The Nordic World Ski Championships, the first to be held in Asia as a separate event, have been getting a cool reception in Japan.
Just a little over 7,000 fans showed up to watch the ski jumping team event at the Okurayama hill on Sunday even though Japan featured prominently in the showcase competition by winning a bronze medal.
The crowds at cross-country skiing and Nordic combined events have been equally disappointing despite some good weather in Sapporo, Japan's fifth-largest city.
"I was a little disappointed with the crowd," said Germany's Bjorn Kircheisen after finishing third in the Nordic combined sprint at Sapporo Dome. "At the last world championships in (Oberstdorf) Germany you had a great atmosphere with about 30,000 fans cheering you across the finish line."
Other than ski jumping, Nordic skiing events don't have a big following in Japan or the rest of Asia but skiing officials are hoping that staging the championships here will change that.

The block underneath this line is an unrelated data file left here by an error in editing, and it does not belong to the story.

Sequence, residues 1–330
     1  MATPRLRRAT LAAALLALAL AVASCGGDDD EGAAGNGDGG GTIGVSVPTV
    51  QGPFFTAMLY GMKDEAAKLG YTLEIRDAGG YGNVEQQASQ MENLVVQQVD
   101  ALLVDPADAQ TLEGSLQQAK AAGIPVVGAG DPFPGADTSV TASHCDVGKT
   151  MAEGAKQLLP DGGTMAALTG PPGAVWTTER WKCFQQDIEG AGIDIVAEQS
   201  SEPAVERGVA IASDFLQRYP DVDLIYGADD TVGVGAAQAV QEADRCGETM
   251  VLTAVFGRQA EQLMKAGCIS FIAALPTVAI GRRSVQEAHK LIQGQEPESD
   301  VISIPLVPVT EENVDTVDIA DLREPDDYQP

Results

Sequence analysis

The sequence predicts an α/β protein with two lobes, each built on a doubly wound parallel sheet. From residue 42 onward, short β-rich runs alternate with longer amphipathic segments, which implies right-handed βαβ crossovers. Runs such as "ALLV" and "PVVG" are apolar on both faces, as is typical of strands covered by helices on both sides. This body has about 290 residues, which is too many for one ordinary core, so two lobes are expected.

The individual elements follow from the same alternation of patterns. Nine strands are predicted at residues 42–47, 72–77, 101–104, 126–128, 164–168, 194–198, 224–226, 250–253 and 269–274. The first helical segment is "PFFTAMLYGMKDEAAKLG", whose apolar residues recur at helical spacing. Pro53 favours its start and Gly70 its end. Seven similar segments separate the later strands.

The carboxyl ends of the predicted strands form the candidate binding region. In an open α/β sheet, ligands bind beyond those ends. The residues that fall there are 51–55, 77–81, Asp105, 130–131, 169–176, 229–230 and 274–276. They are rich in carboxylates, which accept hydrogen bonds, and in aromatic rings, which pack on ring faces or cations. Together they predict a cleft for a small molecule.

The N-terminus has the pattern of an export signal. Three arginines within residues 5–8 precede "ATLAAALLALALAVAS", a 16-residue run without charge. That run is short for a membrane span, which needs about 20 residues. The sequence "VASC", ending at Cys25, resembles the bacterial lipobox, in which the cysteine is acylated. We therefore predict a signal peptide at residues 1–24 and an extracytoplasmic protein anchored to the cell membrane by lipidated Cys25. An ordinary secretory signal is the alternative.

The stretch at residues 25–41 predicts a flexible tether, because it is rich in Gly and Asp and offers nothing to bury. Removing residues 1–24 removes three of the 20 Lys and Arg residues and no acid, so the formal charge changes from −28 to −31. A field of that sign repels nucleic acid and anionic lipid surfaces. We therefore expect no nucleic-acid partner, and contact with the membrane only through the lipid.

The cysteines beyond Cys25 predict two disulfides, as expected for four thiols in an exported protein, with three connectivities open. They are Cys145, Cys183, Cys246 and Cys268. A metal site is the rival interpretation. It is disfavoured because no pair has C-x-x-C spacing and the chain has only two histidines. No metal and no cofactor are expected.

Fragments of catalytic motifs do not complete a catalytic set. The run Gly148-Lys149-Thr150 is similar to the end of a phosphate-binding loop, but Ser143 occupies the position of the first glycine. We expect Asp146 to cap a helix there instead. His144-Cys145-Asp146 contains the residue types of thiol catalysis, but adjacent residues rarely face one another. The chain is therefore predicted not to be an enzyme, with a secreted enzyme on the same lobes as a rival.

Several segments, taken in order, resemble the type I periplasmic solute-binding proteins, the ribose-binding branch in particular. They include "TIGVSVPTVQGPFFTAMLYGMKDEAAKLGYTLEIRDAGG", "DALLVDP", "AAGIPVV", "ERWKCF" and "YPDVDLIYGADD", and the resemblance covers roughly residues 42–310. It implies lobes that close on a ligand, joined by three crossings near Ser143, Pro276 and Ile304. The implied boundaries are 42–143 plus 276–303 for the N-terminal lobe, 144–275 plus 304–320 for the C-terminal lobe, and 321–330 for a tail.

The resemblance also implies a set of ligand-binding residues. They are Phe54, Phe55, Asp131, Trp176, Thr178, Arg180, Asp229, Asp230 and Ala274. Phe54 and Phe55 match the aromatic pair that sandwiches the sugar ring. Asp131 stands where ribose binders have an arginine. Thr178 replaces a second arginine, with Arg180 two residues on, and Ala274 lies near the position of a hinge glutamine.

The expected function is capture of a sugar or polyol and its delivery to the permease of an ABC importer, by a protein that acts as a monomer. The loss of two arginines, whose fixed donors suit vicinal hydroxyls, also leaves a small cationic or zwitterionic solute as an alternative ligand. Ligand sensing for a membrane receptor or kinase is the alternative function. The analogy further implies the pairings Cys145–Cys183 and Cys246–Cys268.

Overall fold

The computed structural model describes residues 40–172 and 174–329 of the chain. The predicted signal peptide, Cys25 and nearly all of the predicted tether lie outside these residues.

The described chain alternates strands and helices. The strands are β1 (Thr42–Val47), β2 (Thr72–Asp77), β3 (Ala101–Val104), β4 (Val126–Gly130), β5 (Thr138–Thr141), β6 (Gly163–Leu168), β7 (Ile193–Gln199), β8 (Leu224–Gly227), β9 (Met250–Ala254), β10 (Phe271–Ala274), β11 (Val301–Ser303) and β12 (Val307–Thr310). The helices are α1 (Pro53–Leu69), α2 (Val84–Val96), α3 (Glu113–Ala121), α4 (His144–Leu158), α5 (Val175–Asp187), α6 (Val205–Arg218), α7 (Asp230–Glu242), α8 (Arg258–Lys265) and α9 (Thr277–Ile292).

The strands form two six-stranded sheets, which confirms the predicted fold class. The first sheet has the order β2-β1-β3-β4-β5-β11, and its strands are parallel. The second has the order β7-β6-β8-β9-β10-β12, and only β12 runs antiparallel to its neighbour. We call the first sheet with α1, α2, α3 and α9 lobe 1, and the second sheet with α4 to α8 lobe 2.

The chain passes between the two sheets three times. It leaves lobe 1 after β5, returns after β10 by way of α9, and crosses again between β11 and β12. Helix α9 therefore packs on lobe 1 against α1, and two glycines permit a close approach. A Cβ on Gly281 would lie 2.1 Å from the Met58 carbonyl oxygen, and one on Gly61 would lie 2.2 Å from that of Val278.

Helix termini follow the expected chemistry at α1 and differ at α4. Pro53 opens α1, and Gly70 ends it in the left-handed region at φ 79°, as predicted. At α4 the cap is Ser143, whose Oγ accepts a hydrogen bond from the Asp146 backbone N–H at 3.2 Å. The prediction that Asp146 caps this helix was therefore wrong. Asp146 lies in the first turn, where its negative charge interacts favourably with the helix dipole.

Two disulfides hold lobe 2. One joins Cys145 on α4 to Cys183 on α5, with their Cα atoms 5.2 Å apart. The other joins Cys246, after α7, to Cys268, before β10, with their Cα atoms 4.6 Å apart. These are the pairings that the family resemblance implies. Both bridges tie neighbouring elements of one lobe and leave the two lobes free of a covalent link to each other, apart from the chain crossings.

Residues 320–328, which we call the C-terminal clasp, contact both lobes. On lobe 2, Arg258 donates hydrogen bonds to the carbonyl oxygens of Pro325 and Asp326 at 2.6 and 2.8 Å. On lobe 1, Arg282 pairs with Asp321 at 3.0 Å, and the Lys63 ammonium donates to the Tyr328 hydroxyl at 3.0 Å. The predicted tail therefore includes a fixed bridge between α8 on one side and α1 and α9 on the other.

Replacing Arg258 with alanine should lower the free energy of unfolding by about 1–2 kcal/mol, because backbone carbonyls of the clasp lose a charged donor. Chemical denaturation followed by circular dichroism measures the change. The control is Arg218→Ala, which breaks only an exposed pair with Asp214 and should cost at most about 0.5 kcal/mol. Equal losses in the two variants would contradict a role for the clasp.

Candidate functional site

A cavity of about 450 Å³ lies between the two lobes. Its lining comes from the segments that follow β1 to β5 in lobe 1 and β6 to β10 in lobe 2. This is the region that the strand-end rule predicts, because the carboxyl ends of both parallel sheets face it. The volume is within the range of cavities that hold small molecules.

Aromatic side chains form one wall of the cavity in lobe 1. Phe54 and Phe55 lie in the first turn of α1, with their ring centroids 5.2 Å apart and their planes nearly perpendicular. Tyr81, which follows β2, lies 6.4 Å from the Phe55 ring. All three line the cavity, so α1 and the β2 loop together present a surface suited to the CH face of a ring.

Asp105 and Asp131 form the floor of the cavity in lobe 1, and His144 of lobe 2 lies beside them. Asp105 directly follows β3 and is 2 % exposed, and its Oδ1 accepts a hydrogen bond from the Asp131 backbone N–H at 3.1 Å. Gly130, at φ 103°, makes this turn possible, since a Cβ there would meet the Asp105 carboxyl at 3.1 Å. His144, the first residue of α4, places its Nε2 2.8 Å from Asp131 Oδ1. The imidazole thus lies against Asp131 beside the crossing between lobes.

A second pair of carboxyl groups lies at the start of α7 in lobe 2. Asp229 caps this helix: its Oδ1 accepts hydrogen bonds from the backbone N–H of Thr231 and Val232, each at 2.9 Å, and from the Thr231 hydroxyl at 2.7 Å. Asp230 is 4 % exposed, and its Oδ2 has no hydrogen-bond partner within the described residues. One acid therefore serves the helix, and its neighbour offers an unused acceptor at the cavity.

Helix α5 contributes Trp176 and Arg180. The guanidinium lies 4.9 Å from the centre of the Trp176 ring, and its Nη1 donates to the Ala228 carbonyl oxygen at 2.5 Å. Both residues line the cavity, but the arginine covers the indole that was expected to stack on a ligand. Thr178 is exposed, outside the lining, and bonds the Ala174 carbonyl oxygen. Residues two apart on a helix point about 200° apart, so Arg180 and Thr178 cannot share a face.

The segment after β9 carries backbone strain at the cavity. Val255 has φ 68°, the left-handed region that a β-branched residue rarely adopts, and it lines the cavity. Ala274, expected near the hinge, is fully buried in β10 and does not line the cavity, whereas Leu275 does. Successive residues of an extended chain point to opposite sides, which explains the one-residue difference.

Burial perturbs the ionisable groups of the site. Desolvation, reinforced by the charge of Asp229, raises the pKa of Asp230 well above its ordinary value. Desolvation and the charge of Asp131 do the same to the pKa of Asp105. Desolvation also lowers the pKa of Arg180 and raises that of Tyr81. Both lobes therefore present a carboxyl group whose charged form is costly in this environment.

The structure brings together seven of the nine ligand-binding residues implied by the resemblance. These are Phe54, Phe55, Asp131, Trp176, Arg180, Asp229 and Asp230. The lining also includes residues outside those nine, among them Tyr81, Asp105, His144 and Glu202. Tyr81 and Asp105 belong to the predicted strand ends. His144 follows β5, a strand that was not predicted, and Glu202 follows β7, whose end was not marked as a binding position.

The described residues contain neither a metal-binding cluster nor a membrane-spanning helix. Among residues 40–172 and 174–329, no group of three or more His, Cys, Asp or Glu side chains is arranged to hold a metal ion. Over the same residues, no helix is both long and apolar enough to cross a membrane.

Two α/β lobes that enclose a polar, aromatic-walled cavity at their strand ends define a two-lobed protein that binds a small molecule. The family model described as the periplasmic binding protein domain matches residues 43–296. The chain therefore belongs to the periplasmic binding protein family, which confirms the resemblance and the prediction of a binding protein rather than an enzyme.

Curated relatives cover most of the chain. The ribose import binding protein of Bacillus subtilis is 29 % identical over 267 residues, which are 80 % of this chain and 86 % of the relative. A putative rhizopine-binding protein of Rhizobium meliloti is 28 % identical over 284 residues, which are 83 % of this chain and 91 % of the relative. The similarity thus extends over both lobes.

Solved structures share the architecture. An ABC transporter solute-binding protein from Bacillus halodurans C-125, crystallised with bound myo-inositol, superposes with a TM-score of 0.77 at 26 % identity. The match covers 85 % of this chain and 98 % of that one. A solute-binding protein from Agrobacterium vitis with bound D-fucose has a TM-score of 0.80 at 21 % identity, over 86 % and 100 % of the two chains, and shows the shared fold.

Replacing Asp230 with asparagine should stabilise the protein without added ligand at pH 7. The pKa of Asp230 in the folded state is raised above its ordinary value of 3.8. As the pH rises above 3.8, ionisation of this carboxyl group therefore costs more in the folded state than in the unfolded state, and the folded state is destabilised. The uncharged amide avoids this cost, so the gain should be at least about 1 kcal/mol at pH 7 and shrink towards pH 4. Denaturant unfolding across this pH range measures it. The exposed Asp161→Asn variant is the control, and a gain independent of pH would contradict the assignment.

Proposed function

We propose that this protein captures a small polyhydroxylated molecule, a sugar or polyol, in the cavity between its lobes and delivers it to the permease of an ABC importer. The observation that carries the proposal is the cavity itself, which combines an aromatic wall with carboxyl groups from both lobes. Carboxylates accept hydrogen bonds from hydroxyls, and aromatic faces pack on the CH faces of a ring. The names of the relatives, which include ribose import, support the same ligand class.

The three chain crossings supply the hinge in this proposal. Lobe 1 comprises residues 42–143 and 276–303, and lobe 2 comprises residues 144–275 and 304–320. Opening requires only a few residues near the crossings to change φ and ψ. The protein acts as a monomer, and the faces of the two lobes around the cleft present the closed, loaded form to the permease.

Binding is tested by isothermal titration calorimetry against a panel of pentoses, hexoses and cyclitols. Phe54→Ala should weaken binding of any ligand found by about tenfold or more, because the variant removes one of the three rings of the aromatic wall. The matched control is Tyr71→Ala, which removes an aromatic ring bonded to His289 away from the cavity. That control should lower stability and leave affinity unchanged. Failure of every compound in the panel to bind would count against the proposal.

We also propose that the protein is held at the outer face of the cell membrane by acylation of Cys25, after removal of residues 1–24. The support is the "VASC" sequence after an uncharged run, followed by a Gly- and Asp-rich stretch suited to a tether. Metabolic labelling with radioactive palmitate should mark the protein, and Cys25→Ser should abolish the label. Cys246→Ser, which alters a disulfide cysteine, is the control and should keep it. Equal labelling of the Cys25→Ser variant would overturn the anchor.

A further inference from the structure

So far, the signs aren't too encouraging. One of the most lasting images of the event so far was a spectacular crash by local favorite Daito Takahashi in a large hill Nordic combined ski jumping event.
Takahashi escaped with a broken left shoulder but the crash was shown over and over on local television and has even shown up on the Internet.
The buckle on Takahashi's left ski came unattached in mid-flight and the Japanese skier turned upside down in the air before hitting the slope on his back and being carried to a nearby hospital.
Traditional Nordic skiing powers are dominating the meet. Finland leads with three golds. Norway has the most number of medals with nine overall, reports AP.
The 2007 championships mark the first time the meet is being held as an independent event in Asia. In 1972, when the Olympic Winter Games were held in Sapporo, they doubled as the FIS World Ski Championships.
There was a medals ceremony on Monday but no competitions were held. The Feb.22-March 4th meet continues on Tuesday with the women's 10-kilometer cross-country race.
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